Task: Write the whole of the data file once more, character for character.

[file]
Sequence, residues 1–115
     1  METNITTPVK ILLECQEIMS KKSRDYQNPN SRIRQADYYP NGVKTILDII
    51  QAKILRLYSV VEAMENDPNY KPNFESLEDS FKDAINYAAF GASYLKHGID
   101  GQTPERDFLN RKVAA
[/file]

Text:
Sequence, residues 1–115
     1  METNITTPVK ILLECQEIMS KKSRDYQNPN SRIRQADYYP NGVKTILDII
    51  QAKILRLYSV VEAMENDPNY KPNFESLEDS FKDAINYAAF GASYLKHGID
   101  GQTPERDFLN RKVAA